The expense is typically covered by Medicare, Medicaid or a third-party insurer. If a resident does not have insurance to cover the life-support fee, they would not be charged, Fire Department Chief Mike Morgan said.
Billing residents' insurers instead of just absorbing the cost as was done in the past, plus raising the fee, is expected to bring in $338,000 annually. The city now only makes $51,000 annually from the fee, according to the staff report.
"We're being ultra-conservative on the estimate," Morgan said, referring to officials only counting on the fee being paid 40% of the time.
Even at $300, the fee is lower than fees charged by the Orange County Fire Authority and county cities like Garden Grove and Anaheim.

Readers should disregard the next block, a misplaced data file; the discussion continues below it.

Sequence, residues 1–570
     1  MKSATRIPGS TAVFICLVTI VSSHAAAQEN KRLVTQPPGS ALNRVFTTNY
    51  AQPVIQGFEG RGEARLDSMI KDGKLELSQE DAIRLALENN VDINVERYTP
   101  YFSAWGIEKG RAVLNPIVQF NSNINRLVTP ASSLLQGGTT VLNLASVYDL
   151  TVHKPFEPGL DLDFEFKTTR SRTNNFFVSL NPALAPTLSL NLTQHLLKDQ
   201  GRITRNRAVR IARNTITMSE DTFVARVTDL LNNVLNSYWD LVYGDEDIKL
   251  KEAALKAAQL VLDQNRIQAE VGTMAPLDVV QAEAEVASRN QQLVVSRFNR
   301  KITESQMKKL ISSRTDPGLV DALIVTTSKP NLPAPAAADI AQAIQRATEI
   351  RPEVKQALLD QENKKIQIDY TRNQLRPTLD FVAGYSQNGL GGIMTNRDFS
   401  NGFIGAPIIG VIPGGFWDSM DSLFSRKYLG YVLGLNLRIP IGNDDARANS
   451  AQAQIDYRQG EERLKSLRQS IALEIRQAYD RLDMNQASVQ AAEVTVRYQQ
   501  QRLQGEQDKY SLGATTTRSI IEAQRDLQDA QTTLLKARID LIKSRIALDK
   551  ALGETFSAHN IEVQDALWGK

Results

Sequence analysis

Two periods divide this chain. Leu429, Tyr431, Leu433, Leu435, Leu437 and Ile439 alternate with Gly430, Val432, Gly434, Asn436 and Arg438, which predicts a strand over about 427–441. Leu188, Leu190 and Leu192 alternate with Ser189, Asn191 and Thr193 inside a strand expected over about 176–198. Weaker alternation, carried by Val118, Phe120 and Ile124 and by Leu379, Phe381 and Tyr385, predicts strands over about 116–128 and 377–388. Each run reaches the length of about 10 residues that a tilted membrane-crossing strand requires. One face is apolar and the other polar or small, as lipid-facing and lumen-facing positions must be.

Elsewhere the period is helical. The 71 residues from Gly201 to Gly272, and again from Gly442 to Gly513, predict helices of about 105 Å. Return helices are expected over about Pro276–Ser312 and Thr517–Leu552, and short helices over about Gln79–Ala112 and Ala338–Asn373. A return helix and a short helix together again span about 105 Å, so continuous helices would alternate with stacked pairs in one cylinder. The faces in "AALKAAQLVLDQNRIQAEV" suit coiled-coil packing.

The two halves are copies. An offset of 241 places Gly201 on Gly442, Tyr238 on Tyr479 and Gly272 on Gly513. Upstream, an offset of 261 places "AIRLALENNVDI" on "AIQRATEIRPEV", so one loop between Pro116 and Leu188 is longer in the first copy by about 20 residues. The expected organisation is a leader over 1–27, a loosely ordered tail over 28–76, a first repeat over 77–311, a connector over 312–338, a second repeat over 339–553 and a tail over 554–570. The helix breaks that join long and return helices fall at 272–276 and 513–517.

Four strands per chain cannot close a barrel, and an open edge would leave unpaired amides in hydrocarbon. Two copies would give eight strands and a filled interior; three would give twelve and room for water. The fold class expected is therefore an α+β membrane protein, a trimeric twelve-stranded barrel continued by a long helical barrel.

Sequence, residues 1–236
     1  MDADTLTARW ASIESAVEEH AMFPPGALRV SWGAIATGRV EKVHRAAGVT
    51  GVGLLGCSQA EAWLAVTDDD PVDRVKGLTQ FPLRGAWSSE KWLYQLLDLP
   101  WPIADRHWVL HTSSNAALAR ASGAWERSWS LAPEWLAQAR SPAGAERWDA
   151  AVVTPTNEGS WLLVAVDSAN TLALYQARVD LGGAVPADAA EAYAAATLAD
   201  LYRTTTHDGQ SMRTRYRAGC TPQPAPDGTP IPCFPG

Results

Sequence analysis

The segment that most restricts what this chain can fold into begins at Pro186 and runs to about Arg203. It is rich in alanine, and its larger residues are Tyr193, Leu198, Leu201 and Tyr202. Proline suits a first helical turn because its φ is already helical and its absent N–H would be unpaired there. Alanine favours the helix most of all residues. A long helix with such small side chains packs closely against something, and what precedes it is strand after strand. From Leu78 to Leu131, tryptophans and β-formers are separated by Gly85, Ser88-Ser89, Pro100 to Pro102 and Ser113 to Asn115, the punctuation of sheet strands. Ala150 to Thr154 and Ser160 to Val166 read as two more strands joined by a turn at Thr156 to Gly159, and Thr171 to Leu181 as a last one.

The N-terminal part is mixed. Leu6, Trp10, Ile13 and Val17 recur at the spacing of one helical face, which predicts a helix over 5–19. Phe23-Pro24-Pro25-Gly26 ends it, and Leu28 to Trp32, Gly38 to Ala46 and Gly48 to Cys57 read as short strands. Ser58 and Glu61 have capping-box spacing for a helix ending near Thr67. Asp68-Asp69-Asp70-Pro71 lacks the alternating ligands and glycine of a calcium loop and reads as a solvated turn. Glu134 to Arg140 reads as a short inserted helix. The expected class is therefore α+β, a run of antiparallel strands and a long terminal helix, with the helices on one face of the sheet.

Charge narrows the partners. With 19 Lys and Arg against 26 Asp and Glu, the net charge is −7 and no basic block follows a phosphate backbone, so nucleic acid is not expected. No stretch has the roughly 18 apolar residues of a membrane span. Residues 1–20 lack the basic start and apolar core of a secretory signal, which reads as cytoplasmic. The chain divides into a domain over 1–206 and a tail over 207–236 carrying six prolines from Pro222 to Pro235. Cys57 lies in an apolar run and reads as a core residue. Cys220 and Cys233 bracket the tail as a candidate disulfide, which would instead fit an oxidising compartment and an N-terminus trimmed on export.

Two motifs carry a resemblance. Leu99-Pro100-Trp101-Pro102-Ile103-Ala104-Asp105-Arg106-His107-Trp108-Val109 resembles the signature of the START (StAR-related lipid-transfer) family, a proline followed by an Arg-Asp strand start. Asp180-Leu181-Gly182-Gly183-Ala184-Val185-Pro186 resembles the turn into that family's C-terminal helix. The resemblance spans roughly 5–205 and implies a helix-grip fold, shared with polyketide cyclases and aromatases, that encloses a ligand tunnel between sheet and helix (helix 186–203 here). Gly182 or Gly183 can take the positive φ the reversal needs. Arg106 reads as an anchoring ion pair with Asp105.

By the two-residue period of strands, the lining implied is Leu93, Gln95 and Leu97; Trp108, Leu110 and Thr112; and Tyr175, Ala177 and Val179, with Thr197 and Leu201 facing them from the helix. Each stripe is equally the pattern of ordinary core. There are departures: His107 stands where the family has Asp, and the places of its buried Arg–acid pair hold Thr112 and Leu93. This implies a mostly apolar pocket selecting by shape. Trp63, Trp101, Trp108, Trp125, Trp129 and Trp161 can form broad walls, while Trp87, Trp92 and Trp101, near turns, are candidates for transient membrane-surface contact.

"The ultimate goal is to maintain a high-quality paramedic program," Morgan said. "There's costs involved to do that. This will help the city fund the training, equipment and all the things that are involved to provide that service to residents. It's not going to affect residents at all financially."
The fire department plans on using nearly half of the revenue to keep the Emergency Medical Services Coordinator, who oversees EMS training, materials and billing and contracts with ambulance services.
The rest of the money, an estimated $195,275, would go directly to city coffers, according to a staff report.
If You Go
What: Costa Mesa City Council meeting
When: 6 p.m. Tuesday
Where: Council Chambers, City Hall, 77 Fair Drive